Launching a new assault on the president's war strategy, congressional Democrats have begun to dismiss the Bush administration claims of military progress as unreliable spin ahead of Monday's testimony from the top U.S. commander in Iraq.
In a shift from recent comments that the military buildup appeared to be making some gains, Democrats are now questioning the statistics being used to back up the reports of progress.
They are also increasingly casting Army Gen. David H. Petraeus' upcoming report as a product of the White House rather than an independent analysis by a top military commander.
"By carefully manipulating the statistics, the Bush-Petraeus report will try to persuade us that violence in Iraq is decreasing and thus the surge is working," said Illinois Sen. Richard J. Durbin, his chamber's No. 2 Democrat, in a speech Friday in Washington. "Even if the figures were right, the conclusion is wrong."
The attacks are not without political risk for Democrats, who are sensitive to accusations of not supporting the troops and who have sought to avoid criticizing the military as they have declared the Iraq war a lost cause. Their new criticisms imply doubt about the credibility of a general who less than eight months ago won Senate confirmation as the top U.S. military commander in Iraq without a single dissenting vote.
Durbin said he did not want to question Petraeus' integrity: "I respect him very much. And I believe he is an extremely competent military leader who has been given an almost impossible military assignment."
The Democratic rhetoric in advance of Petraeus' scheduled testimony Monday before two House committees underscores how polarized the war debate in Washington remains. It also highlights how deeply congressional Democrats distrust the Bush administration.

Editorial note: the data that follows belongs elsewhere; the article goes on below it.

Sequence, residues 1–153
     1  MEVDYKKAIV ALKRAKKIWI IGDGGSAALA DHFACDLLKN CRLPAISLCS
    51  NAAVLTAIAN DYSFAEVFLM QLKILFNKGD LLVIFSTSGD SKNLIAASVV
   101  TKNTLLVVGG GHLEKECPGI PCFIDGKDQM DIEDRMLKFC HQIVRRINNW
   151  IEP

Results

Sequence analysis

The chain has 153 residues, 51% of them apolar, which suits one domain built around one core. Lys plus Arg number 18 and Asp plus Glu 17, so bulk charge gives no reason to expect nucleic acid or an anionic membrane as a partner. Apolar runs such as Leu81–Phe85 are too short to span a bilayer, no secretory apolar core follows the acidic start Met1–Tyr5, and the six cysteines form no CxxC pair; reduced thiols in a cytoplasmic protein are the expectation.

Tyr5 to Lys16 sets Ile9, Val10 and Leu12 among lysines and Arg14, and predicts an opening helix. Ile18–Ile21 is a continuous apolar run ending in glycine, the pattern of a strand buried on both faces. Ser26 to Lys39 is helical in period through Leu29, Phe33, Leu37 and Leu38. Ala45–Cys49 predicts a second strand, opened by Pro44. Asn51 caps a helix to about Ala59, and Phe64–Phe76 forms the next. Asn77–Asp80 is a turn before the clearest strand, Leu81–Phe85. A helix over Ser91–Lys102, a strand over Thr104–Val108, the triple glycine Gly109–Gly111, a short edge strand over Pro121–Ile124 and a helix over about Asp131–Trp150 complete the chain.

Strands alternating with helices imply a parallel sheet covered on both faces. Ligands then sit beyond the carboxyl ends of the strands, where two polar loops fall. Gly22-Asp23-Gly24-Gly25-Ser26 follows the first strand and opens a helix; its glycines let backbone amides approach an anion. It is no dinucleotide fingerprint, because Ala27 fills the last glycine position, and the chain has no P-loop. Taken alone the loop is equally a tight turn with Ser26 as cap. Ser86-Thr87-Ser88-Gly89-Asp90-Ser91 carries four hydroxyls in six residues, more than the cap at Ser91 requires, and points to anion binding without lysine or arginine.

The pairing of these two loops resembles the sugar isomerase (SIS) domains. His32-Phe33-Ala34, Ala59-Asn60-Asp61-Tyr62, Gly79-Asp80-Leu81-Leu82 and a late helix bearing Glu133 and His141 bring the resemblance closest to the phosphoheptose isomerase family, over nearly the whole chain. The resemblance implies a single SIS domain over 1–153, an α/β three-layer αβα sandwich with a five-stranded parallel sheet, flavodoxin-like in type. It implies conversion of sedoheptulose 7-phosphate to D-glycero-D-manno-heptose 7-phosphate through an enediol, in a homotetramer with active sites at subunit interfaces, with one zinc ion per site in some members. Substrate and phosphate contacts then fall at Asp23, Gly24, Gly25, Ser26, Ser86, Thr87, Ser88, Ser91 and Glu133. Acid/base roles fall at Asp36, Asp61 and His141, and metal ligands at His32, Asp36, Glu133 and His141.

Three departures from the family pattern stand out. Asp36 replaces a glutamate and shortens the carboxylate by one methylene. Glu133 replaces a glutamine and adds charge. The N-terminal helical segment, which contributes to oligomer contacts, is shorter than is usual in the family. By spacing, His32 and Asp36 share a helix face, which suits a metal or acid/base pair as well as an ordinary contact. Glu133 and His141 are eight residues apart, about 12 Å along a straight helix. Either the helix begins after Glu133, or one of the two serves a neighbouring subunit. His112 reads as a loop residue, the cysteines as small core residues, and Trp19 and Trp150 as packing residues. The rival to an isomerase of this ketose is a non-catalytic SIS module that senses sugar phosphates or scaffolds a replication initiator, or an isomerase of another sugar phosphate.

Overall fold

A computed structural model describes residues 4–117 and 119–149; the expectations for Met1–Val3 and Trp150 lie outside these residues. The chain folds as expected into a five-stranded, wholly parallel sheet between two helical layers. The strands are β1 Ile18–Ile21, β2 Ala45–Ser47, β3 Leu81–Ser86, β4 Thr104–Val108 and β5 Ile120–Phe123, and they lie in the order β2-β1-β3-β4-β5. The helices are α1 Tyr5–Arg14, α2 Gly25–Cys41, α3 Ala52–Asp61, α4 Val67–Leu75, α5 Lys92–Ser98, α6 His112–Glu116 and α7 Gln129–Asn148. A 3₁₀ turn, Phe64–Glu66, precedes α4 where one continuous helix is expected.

This is an interesting development. At the same time that moderates of both parties are recognizing progress on the ground, and negotiating future plans on reducing the numbers of troops deployed, the most hardline antiwar foes in Congress are bucking such trends for pure partisan gain.
Rahm Emanuel's remarks at the end of the Times piece are classic:
"Instead of a new strategy for Iraq, the Bush administration is cherry-picking the data to support their political objectives and preparing a report that will offer another defense of the president's strategy," Illinois Rep. Rahm Emanuel, the No. 3 Democrat in the House, said in a floor speech Friday.
"We don't need a report that wins the Nobel Prize for creative statistics or the Pulitzer for fiction."
Read the whole article. I would think Emanuel - as one of the top congressional Democrats - might show a little more leadership and little less partisanhip on this issue. His comments are especially interesting, given how the article notes that Petraeus will seek to provide testimony from the perspective of pure military objectivity.
Update: I have removed the Photobucket image from the top of this post. After doing some fact-checking, I've discovered the quote found in that image is not Abraham Lincoln's, but intead is attributed to a conservative scholar named J. Michael Waller, who claims the false attribution to President Lincoln was the result of a copy-editing error.
Darn it too, because I thought the "arrested, exiled, or hanged" line added some nice spice to my entry!